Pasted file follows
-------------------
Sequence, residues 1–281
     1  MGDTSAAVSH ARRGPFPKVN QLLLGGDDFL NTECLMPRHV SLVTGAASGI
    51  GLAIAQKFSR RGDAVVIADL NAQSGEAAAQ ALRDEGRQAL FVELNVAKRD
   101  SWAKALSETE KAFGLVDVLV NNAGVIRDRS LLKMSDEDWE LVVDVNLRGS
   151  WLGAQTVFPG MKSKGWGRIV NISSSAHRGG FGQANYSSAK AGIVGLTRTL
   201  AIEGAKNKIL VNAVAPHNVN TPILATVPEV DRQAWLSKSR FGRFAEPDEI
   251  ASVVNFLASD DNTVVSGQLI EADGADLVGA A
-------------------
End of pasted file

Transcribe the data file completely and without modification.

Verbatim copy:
Sequence, residues 1–281
     1  MGDTSAAVSH ARRGPFPKVN QLLLGGDDFL NTECLMPRHV SLVTGAASGI
    51  GLAIAQKFSR RGDAVVIADL NAQSGEAAAQ ALRDEGRQAL FVELNVAKRD
   101  SWAKALSETE KAFGLVDVLV NNAGVIRDRS LLKMSDEDWE LVVDVNLRGS
   151  WLGAQTVFPG MKSKGWGRIV NISSSAHRGG FGQANYSSAK AGIVGLTRTL
   201  AIEGAKNKIL VNAVAPHNVN TPILATVPEV DRQAWLSKSR FGRFAEPDEI
   251  ASVVNFLASD DNTVVSGQLI EADGADLVGA A